Four Star Scandal Teaches 4 Key Business Lessons

With the abrupt exit of General Petraeus from his position as Director of the Central Intelligence Agency, Congress and the military are left with many unanswered questions.

  • A transformational military leader and architect of numerous counter-insurgency strategies that serve as fundamental military procedures, who will emerge as the next inspirational military leader and role model?
  • With hearings scheduled to learn more about the Benghazi attack, who else knows as much about the details of the attack on the U.S. Consulate in Libya?
  • Patraeus served as a mentor to numerous colleagues during his public-service career. Will any of them come forward to fill the gap his exit leaves?

These questions and many more remind forward-thinking business professionals of the importance of knowledge management and succession planning. The GU Institute offers business leaders the following four takeaways from the Patraeus news story.

When hiring top leadership positions, companies should ask: “Is this person a future CEO?”

If the answer is no, don’t hire them.  All companies should feel confident that there are one or more people who can fill top leadership roles  at any time. Not only does the ability to fill gaps provide security for the board and the marketplace, it provides confidence in the company for all employees.

Consider emotional intelligence as well as skills

All of us can recount stories of strong leaders committing violations of the code of conduct. Actually it should come as a surprise since the attributes of a leader include:

  • calculated risk taking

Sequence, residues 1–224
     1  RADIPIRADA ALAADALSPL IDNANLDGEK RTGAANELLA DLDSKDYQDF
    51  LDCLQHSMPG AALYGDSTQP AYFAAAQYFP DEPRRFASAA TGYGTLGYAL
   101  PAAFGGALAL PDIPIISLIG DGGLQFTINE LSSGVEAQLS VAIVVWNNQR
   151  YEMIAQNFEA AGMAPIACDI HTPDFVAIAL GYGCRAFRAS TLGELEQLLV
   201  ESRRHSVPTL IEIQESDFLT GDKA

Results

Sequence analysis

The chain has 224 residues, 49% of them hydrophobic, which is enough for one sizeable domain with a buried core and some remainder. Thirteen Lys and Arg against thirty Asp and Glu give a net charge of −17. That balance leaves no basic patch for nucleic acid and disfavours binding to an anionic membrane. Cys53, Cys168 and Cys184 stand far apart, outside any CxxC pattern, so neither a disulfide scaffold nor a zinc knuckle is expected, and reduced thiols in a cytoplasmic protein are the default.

• bias toward action, efficient reader of people, optimistic,
  • measured emotion and
  • being constructively tough minded.

Years ago, Peter Drucker, warned that risk-taking without self awareness and stakeholder focus would create leaders  vulnerable to mistakes and ethical missteps.

Implement on-going intellectual property back up plans

In an environment of rapid learning and daily technological advancements, business leaders can no longer run companies with the attitude: “It’s okay. I’ve got all the information in my head.”

In order to remain a competitive edge in the marketplace, companies must have a plan to retain the contributions and intellectual capital of valuable employees when they retire or move on to other endeavors.

Encourage a collaborative company culture 

Consider monthly cross-functional collaboration meetings. Implement knowledge retention teams. Promote transparency and bottom up innovation.  A collaborative environment not only enhances the ability of employees to share information, it engages employees for improved retention and helps to prevent lost time, productivity and revenue when top leaders unexpectedly leave the organization.



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